[0016] A panel with the TFT LCD tends toward a higher resolution and a larger scale picture. As the resolution of the LCD becomes higher, a high-speed operation is required to shorten the horizontal synchronizing signal interval. Thus, a width of a gate signal is not only reduced, but also the time permitting a video signal to be applied to the liquid crystal cell is reduced. This causes a disadvantage in that a time margin capable of charging a data voltage in a pixel in the case of a resolution of SXGA (1280*1024) or UXGA (1600*1200) is not sufficient.

[0017] To overcome this disadvantage, an attempt of pre-charging mutually superposing gate signals applied to any adjacent gate line has been made to allow input of data for the preceding pixel in advance prior to inputting real data.

[0018] This attempt is based on the assumptions that the first gate line to the nth gate line of the liquid crystal display panel should be GL1, GL2, GL3, . . . , GLi, . . . GLn−1, GLn; the first data line to the mth data line be DL1, DL2, DL3, . . . , DLj, . . . , DLm−1, DLm; a pixel supplied with a data at the jth data line DLj by a gate pulse at the ith gate line GLi is Pij; and a pixel supplied with a data at the jth data line DLj by a gate pulse at the (i+1)th gate line GLi+1 be Pi+1,j.

[0019] In the prior art, video signals are applied in such a manner that signals at the two adjacent gate lines GLi and GLi+1 in correspondence with a pixel Pi,j and the next pixel Pi+1,j are superposed with each other. If a gate signal is applied to the ith gate line GLi, then video data is supplied to the pixel Pi,j. If signals of the two gate lines GLi and GLi+1 are superposed with each other, then a portion of a signal having a polarity different from the video signal that previously charged the pixel Pi+1,j is applied to change its polarity in advance with the aid of a video signal applied to the pixel Pij. This strategy is applicable to the column inversion system in which the pixels Pi,j and Pi+1,j have the same polarity at the same frame. However, such a driving method of merely superposing two adjacent gate signals can not be applied to the line inversion or dot inversion system in which a different polarity is applied to upper and lower adjacent pixels.

[0020] A pre-charging driving scheme applicable to the line inversion or dot inversion system has been disclosed in Japanese Patent Laid-open Gazette No. Pyung 6-118910. This scheme applies a sub-pulse in advance upon applying data to the preceding pixel having the same polarity prior to application of a main pulse of a gate signal.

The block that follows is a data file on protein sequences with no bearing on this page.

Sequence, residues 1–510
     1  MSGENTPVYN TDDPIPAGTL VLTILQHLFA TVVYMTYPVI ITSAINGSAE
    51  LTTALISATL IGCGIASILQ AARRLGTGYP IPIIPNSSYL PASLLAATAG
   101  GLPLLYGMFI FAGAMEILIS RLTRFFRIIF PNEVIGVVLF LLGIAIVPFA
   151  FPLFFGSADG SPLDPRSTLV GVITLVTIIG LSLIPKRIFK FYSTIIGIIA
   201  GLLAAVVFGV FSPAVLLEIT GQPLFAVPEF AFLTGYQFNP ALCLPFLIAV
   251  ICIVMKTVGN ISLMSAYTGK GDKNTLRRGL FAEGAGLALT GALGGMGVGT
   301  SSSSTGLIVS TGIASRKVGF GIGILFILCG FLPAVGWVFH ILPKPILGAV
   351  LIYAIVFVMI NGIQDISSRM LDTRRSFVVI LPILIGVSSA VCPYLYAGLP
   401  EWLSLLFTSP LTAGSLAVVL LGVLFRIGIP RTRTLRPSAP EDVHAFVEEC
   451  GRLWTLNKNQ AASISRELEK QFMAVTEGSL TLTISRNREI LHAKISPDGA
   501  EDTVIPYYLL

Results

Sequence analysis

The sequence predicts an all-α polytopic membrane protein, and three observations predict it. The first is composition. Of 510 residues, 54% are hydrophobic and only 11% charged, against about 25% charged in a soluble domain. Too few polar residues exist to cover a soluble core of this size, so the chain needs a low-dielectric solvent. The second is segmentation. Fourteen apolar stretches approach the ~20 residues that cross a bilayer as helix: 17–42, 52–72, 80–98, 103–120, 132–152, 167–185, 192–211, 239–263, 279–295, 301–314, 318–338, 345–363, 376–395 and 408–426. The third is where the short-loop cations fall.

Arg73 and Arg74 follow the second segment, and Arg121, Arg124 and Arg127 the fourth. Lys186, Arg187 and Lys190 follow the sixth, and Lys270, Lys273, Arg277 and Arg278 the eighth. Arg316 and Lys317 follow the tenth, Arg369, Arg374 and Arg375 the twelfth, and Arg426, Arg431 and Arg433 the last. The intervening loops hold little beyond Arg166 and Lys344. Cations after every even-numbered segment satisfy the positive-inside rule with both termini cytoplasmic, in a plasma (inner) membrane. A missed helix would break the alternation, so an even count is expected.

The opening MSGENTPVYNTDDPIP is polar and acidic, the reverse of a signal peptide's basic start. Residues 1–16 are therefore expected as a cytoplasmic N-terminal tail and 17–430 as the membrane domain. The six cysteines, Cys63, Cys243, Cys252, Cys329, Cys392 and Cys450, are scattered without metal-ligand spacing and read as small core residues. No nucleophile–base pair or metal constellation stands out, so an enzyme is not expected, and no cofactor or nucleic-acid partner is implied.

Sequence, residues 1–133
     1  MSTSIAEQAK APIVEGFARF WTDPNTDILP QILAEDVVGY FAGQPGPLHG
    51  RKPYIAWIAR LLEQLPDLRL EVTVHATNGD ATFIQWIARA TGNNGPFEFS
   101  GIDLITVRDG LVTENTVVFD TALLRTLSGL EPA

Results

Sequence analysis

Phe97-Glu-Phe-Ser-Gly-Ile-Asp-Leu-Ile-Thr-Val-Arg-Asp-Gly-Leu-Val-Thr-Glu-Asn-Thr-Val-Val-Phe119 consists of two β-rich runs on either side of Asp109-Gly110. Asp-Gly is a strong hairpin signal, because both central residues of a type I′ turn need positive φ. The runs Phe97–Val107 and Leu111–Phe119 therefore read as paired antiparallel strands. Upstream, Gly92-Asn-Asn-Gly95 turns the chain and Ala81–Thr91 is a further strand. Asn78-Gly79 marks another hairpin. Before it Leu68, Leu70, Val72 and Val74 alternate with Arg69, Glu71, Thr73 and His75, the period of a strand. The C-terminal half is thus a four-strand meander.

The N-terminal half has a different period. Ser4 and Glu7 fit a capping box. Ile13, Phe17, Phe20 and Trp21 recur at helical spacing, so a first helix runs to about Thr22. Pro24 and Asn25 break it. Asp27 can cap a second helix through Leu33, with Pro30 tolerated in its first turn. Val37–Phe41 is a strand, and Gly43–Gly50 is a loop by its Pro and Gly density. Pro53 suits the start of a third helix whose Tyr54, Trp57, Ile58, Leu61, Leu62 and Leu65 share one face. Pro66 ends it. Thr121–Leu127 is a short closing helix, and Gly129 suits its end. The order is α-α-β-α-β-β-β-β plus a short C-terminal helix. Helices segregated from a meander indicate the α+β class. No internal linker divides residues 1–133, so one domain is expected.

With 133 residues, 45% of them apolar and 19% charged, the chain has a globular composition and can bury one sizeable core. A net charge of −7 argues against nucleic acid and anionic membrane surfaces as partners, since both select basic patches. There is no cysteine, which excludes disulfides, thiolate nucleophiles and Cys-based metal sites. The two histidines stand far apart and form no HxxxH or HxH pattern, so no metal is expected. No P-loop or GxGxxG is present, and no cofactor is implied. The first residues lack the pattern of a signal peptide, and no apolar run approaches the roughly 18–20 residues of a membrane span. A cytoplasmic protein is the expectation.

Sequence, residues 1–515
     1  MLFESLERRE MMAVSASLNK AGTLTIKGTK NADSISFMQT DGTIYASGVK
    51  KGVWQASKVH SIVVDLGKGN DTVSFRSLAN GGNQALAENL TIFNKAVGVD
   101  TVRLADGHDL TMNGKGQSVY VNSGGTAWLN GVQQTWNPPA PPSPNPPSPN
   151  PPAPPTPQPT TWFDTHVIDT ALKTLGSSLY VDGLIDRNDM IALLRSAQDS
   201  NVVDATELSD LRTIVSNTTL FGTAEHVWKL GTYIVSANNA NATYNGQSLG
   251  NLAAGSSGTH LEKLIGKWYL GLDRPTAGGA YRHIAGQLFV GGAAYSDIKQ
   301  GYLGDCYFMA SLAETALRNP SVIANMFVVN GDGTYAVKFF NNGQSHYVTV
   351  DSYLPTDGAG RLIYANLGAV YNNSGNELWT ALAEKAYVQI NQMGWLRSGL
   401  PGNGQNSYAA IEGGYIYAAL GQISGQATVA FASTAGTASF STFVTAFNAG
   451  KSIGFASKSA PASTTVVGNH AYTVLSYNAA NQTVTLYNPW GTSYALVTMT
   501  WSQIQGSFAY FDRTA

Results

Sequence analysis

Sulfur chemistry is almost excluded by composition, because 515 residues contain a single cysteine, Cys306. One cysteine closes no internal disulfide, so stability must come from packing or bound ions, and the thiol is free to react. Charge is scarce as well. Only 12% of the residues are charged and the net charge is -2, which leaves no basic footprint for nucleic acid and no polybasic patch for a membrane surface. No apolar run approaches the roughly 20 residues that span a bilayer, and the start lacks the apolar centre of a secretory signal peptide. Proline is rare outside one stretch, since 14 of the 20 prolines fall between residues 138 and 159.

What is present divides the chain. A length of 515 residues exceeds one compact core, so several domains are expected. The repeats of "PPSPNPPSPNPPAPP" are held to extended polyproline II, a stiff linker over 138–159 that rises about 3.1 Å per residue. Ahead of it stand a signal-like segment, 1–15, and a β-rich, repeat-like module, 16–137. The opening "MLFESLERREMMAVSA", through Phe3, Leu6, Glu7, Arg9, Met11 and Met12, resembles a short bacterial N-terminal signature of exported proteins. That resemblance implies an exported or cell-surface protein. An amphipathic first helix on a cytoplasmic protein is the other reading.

[0021] However, such a scheme has the following problems. In the case of a higher resolution, the width of a main pulse of a gate signal applied to each gate line GL is reduced. The reduction causes difficulty in pulse-application driving of the LCD panel wherein a main pulse of a gate signal is applied to the nth gate line GLn, and simultaneously, a sub-pulse is applied to the (n+2)th gate line GLn+2; and after a main pulse is applied to the (n+1)th gate line GLn+1, a main pulse is applied to the (n+2)th gate line GLn+2 and, simultaneously, a sub-pulse is applied to the (n+2)th gate line. Furthermore, since the number of scanning lines of the panel is enlarged according to a higher resolution, the time margin large enough to completely charge a data voltage in the pixel is not sufficient due to a delay factor. This deficiency in the line margin causes a deterioration in a display quality such as a deterioration in a color or brightness expression.

SUMMARY OF THE INVENTION

[0022] Accordingly, it is an object of the present invention to provide a method of driving a liquid crystal display panel wherein an accurate data voltage is applied to a high-resolution and high-scale LCD panel to improve a charge rate of a pixel and a storage capacitor.

[0023] To achieve these and other objects, a method of driving a LCD panel according to one embodiment of the present invention includes the steps of sequentially applying first-polarity gate pulses to odd-numbered gate lines of the liquid crystal display panel such that a portion of the first-polarity gate pulses are superposed at at least adjacent odd-numbered gate lines of the odd-numbered gate lines; sequentially applying second-polarity gate pulses to even-numbered gate lines of the liquid crystal display panel such that a portion of the second-polarity gate pulses are superposed at least adjacent even-numbered gate lines of the even-numbered gate lines; and applying data pulses to data lines in synchronization with the gate pulses.